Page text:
Flawed Medical Criteria in Specter/Leahy Bill Leave Lung Cancer Victims Out in Cold
(WASHINGTON, April 26) -- An EWG Action Fund analysis of the Specter/Leahy asbestos bill before the Senate Judiciary Committee today finds that the legislation delivers unusually harsh treatment to people dying of asbestos-caused lung cancer. Through a convoluted maze of exposure criteria that are not recognized by any authoritative or mainstream medical society, the bill would deny all assistance to any person with confirmed asbestos-caused lung cancer whose workplace exposure began after 1978. Thousands of additional lung cancer victims who meet all other criteria in the bill would be denied help if they started work after 1974.
The reason these people are denied assistance is that the newly minted medical criteria in the bill devalue time worked around asbestos by 50 percent if it occurred after 1976 and by 90 percent after 1986. Workplace standards limiting asbestos exposure were not adopted by the Occupational Safety and Health Administration (OSHA) until 1994. Asbestos use peaked in the U.S. in 1974, at 1.4 billion pounds annually.
"By the time most people with asbestos-caused lung cancer accumulate enough exposure to qualify for help under the bill's convoluted criteria, they will already have died of the disease, or the fund will have run its course and terminated," said Richard Wiles, Sr. Vice President of EWG Action Fund.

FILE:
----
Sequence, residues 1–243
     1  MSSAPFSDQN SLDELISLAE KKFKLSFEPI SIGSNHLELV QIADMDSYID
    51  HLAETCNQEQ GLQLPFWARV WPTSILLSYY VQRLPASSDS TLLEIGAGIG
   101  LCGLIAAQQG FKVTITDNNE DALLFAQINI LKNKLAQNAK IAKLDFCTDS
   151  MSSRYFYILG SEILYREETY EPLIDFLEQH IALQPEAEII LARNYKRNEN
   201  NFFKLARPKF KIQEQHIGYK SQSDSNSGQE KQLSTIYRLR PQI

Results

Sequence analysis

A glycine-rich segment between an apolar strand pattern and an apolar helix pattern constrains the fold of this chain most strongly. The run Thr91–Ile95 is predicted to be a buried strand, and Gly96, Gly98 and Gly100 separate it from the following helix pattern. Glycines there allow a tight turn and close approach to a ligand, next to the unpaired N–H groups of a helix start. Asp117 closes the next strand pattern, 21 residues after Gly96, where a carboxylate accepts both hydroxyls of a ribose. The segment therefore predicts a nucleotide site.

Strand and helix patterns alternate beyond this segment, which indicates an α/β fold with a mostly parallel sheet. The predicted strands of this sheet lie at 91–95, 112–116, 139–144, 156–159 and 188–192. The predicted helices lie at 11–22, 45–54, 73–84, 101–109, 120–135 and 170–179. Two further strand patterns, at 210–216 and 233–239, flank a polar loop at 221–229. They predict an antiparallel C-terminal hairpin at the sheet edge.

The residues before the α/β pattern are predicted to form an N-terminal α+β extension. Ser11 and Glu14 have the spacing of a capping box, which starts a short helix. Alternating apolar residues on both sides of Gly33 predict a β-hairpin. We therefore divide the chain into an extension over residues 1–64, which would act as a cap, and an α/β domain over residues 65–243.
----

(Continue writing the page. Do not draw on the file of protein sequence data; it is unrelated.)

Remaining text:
More than 10,000 people a year die from asbestos disease, and 5,000 of these are killed by asbestos-caused lung cancer. The number of asbestos-caused fatalities in the U.S. is increasing each year and is expected to peak around the year 2020. Asbestos is still legal. More than one million workers a year are exposed to asbestos on the job.
"Asbestos mortality is a major public health crisis, yet there is not a shred of public health policy in the Specter/Leahy bill. This Congress insists on bailing out the companies who knowingly exposed their workers to this deadly substance, while doing next to nothing to help the disabled and dying," said Wiles.
EWG Action Fund's analysis of the bill the Senate Judiciary Committee is debating today is here: http://www.ewg.org/issues/asbestos/20050426/index.php
Last year, EWG Action Fund put together a comprehensive look at the asbestos public health crisis in the U.S., which is available here: http://www.ewg.org/reports/asbestos/